One of my favourite things about living in the shepherd’s hut was looking out on the rabbits in the morning and evening. I even watched the fox stalking them (and failing).
Rabbits (from Portrait of My Father in an English Landscape, 1998)
The rabbits are about their business
of softening. They congregate in gangs
by hedgerows as if waiting for an event
of greater softness to overtake them.
The cloud overhead grow rabbit scuts
and bolt across the field in evening dress.
The whole sky is purpling with the scent
of evening. A clock opens and shuts
time out. Flowers bend on a single stem
and wind plumps wings to leaves.
(Practising light and shade on a non-real rabbit)
It was wonderful to spend time in the glasshouses earlier in the year – warm and with tropical plants! I joined a group which met regularly to draw in the Botanic Gardens. The mark making was experimental, and we followed instructions such as only using vertical marks, only holding the pencil at the end, or using three pencils taped together. It was fun but also frustrating – it is challenging to spend two hours drawing with multiple pencils, concentrating on just one plant, or only using one particular type of mark. It freed up my drawing though – and these are quite different to anything else I’ve ever done.
In March I followed Veronica Lawlor‘s ‘A Drawing A Day’ course on Sketchbook Skool. I still haven’t finished it, but I am loving it, and learning so much. It is great to have just one tutor who has constructed the course to be cumulative and progressive. I love her work and will get her book which I think the course is based on at some point. These are my favourites from Week 1 ‘Line’ and Week 2, ‘Marks’.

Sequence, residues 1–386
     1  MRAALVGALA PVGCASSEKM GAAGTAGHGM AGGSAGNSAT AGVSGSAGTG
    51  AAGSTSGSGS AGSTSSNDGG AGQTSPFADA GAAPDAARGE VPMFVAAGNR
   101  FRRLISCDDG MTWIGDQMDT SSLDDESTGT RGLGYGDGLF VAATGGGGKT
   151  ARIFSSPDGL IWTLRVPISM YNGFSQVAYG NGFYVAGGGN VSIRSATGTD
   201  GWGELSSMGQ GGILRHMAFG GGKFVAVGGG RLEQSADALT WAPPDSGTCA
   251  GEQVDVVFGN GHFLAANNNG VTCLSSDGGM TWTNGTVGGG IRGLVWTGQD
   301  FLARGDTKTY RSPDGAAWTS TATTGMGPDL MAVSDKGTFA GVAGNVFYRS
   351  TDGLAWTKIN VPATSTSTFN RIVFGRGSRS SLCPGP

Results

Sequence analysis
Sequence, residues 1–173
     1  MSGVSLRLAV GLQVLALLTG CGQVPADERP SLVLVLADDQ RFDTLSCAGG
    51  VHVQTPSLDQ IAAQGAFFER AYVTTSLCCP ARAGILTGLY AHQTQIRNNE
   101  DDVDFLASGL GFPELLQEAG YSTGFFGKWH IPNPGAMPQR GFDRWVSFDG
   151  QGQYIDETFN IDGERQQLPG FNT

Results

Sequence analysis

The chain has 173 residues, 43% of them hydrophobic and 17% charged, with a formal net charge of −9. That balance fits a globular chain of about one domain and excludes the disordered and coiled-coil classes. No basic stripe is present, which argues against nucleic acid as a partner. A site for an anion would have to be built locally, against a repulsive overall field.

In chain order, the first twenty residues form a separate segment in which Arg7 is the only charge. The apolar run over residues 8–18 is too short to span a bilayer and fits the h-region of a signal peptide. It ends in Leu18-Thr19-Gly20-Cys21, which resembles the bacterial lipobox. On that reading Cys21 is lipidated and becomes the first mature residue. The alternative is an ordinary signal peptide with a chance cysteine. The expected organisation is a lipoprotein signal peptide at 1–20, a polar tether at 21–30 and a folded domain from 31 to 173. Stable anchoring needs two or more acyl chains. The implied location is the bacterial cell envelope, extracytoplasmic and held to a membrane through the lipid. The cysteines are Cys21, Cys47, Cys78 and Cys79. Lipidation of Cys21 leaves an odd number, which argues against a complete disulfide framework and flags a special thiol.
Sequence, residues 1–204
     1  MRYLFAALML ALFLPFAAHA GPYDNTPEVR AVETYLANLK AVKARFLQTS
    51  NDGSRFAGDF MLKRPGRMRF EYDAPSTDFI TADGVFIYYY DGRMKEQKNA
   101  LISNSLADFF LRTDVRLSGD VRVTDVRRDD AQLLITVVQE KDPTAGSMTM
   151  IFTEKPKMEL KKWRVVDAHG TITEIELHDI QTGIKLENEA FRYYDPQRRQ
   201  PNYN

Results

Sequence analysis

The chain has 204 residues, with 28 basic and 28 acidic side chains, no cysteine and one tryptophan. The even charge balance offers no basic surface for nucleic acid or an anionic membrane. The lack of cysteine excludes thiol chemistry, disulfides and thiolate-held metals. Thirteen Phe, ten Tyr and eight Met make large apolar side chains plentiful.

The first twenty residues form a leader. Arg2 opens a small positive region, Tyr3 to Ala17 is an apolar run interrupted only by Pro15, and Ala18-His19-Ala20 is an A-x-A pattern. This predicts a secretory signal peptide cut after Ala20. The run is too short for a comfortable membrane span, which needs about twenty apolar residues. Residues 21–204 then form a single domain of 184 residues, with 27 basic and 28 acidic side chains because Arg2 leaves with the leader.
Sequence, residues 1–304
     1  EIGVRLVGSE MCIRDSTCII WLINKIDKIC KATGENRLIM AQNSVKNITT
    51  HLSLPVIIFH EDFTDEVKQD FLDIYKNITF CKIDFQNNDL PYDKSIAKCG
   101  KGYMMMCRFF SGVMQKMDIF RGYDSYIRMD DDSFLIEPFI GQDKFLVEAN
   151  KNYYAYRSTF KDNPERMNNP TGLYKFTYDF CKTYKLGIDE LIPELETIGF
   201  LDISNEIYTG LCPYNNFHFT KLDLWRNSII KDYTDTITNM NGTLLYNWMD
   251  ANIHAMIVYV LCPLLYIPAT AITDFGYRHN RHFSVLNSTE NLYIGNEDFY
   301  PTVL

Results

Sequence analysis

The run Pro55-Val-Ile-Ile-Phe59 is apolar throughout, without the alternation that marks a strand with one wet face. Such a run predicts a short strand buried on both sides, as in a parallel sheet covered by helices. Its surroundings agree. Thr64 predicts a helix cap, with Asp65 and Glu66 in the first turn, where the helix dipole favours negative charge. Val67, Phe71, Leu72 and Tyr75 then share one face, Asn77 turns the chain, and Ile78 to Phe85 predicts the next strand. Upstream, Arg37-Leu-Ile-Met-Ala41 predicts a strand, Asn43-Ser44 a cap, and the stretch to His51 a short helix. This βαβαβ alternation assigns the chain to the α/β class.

I have spent April going to printmaking groups – some by Bristol Print Collective, and some at the Greenbank Print Club, both of which I will definitely be going back to.
Painterly monoprinting near Bristol Marina – using caligo inks, and playing with different mark making tools, water and inks. The layers build up, adding more each time. It’s a process of playing and seeing what happens – at this stage for me it’s unpredictable and uncontrolled, which makes it all the more fun.
Botanical book making at Arnolfini – it was part of BABE (Bristol Artists Book Event) which I loved.
We made folded concertina books, using a pasta machine to apply pressure, and using dried flowers to create different textures. I added the poem using alphabet stamps later. It is so satisfying to produce a book, though what came through the pasta rollers was hard to predict and impossible to control! Photo credit of the printmaking process: Bristol Print Collective.
All that is gold does not glitter…not all those who wander are lost… J.R.R. Tolkien
And this is from mono printing at the Greenbank pub! The figure is from a sketch I did years ago on my Art Foundation course. The phrase is a work in progress – I want to make a print of the Loving Kindness meditation – May I be happy, may I be healthy, May I live at ease.